As we approach the end of 2017, it’s natural to look back on the year and review our personal progress. We ask ourselves: did we achieve the goals and resolutions we committed to at the beginning of 2017?

 

I’ll be the first to admit that I did not for a number of reasons. Those reasons range from personal struggle (feeling sick/immobile in my pregnancy, giving birth to my second child, mourning the death of my grandfather, etc.) to shifting and changing my mind on some of the ideas and goals I had. The latter is okay, by the way. As I have mentioned in previous posts, it’s important to take action. It’s better to take action and “course correct” along the way than to be completely idle and do nothing. On the other hand, it’s also okay to rest and “sharpen the saw” (as Stephen Covey has said) for a period of time, if needed. In full transparency: I actually had a mixture of action in some instances, and rest other times, depending on what was specifically going on in my life at different times over the past year.

 

(And let’s not forget that a newborn gets up multiple times a night, and she still wakes up at least once per night now!)

 

While some of my lack of progress was due to “course correction” or personal struggle, I must acknowledge that a portion of it was also due to lack of discipline at times. I didn’t have the self-discipline to take action in some cases due to “analysis paralysis” and in other cases I got off-course in my personal habits. Admittedly, I got away from my own Design Your Success system after the birth of my daughter. And I paid a small price for it (i.e. I didn’t achieve as much as I would have liked; but, to keep perspective—it’s not the end of the world!).

 

What I experienced is natural for everyone, especially when you’re dealing with major life changes. The important thing to do now going forward, however, is to acknowledge where you are and then to move forward. And this can be done very easily and in small, easy steps.

 

To address my own situation, I started doing the following:

 

 

  • I started Using a “Morning Journal” to solidify my morning routine, to help optimize my mindset and my day (more about that below).

 

 

  • I am working on my mind and brain again by listening to audiobooks, reading or taking in visual content that is aligned with who I want to be in my free time (mentioned in this interesting video presented by Impact Theory featuring Tom Bilyeu and neuroscientist Moran Cerf, Ph.D.):

Warning: do not listen around small children; sometimes Impact Theory’s videos use adult language.

 

The Morning Journal is a new addition for me, but powerful. More and more anecdotal evidence (and perhaps even scientific – I need to do more research) is coming out in articles and books about “millionaire morning” routines.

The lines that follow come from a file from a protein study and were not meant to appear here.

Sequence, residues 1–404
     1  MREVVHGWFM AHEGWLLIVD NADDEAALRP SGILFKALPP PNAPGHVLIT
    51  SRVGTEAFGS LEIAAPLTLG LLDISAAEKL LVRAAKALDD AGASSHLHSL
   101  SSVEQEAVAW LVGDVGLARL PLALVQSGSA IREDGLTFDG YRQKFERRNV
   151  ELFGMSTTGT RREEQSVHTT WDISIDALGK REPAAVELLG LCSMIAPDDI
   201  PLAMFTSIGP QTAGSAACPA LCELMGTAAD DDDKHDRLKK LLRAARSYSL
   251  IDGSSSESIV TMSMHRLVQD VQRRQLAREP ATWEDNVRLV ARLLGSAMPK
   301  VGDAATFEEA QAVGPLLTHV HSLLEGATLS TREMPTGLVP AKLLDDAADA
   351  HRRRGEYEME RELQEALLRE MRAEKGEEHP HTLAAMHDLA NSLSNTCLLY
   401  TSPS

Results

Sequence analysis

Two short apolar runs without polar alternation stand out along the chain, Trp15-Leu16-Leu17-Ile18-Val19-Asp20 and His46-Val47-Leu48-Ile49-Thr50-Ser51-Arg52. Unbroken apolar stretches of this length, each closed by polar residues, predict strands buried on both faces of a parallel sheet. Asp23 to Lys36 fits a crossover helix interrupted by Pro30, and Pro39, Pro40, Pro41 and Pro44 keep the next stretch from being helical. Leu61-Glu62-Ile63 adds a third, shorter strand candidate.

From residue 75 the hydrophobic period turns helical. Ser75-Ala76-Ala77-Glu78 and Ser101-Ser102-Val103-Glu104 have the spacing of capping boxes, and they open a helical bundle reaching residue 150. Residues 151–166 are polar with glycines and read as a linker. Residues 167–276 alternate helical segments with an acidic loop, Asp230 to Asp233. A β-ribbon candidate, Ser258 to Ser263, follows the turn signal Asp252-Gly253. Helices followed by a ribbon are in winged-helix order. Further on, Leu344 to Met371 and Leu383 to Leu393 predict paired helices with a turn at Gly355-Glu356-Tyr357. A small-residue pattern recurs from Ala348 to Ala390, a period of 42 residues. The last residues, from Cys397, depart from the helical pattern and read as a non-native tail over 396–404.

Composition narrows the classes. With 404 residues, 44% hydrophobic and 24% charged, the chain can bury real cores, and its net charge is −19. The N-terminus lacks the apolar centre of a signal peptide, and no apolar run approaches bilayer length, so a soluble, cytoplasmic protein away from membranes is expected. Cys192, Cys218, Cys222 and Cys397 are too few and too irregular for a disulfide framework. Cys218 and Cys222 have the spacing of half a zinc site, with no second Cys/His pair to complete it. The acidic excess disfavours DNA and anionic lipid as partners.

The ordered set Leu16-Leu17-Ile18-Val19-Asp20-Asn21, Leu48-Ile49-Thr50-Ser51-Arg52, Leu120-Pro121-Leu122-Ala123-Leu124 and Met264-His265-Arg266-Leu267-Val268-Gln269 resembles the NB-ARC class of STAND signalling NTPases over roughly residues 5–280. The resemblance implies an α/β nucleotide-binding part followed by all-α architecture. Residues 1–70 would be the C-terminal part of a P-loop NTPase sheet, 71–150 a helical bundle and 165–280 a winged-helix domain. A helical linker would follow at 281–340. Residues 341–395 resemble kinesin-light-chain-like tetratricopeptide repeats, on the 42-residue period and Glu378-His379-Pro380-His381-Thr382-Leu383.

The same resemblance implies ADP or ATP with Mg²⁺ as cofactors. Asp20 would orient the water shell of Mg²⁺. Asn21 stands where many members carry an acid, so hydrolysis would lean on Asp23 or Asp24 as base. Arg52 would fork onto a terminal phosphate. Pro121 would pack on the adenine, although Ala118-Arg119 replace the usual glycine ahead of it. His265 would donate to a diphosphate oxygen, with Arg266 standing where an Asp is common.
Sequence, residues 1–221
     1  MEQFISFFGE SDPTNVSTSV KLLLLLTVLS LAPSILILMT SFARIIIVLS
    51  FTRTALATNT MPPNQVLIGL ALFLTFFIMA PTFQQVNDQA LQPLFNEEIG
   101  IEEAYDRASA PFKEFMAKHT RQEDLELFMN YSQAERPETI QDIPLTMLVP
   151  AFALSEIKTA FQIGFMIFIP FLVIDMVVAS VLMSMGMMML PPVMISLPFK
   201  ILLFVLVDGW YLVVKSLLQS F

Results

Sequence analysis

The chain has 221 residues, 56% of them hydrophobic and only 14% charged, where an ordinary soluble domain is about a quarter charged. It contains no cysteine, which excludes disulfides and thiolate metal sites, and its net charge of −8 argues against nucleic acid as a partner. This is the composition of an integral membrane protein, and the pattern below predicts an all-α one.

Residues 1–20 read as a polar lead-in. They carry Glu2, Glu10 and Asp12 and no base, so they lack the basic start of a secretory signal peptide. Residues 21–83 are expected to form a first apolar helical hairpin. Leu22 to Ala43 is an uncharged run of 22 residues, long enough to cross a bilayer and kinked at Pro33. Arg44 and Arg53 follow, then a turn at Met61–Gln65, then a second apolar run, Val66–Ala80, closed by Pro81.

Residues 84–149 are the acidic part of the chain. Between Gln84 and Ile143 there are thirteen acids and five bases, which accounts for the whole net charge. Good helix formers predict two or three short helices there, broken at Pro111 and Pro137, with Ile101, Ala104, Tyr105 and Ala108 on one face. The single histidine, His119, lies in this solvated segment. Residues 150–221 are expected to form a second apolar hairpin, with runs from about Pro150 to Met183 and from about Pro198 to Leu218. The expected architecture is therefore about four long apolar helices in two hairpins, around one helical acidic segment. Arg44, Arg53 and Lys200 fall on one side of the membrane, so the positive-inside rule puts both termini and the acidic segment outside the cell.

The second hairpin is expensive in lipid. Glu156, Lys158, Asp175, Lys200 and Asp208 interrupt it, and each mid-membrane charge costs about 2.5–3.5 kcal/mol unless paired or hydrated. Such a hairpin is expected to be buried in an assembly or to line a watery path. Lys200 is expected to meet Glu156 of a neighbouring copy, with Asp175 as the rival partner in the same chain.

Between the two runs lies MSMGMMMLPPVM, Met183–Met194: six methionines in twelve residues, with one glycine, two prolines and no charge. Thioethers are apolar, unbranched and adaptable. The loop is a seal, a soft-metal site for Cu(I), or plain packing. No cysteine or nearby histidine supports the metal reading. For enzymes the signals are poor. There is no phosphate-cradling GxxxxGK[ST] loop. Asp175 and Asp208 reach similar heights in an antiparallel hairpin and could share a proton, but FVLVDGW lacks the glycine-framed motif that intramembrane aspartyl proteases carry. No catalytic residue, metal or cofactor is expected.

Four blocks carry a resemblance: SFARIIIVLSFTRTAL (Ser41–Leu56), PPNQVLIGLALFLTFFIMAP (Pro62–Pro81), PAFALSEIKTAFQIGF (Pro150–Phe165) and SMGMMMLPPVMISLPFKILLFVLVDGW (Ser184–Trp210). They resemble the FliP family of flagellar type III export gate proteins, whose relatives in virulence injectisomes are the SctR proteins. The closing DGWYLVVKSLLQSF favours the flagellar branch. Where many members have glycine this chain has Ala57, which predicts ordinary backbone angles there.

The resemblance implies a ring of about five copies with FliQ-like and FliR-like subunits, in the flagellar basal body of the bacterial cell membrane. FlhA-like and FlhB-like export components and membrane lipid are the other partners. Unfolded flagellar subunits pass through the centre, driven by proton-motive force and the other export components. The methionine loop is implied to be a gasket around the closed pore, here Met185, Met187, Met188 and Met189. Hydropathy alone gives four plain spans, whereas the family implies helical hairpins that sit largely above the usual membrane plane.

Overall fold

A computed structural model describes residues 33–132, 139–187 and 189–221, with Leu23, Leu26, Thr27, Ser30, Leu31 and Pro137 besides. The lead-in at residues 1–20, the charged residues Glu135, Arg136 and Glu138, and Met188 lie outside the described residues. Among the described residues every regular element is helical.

I set up my morning journal to address the following:

 

  • I am: This gets me in the right mindset in terms of the kind of person I want to be for the day (i.e. “I am focused. I am disciplined. etc.)

 

  • I will: I physically write out my most important goal or project: “I, Lisa Kardos, will…” (right now my goal is around a new course I’m creating!)

 

  • Gratitude: it’s important to optimize my mind and realize the blessings in my life, so that I can start my day from a place of thankfulness instead of bitterness.

 

  • Morning reflection: This gives me a chance to flesh out my thoughts or get them “out of my system,” so-to-speak.

 morning_journalmorning_journal

Some people may balk (or like) the I will section because they resemble affirmations. In all honesty, I do not care how they are labeled. Some people will call them affirmations, others will call them goals, and some people will question the number or the wording. I look at them as a tool, because it’s the same way I learned math or other concepts in grade school: writing something down a number of times forced me to focus; the repetitive nature helped drill those concepts into my subconscious.

 

Some would argue it may not be the best way to get focused or disagree with the approach, but right now I’m looking for results and it’s working for me. Interestingly, Scott Adams (creator of Dilbert) looks at it the same way. Again, this is just a tool to get focused by working with our reticular activating system in the brain.

 

So if you are interested in increasing your focus and setting up your day for success, you are welcome to download the Morning Journal here (free; no opt-in required). I will probably write more about the morning routine in the future, but this is a start!

 

Also note that the “Daily Journal” (used in the evening) is still available for download here. And as always, feel free to check out additional resources below.

 

(Note that there is special holiday pricing for my books on Amazon and Kobo; Amazon should update the price to $0.99 later today!)

 

I leave you with the peaceful view I woke up to today (it snowed here in New Jersey!)

peaceful_winter_photo

Additional Resources:

Books: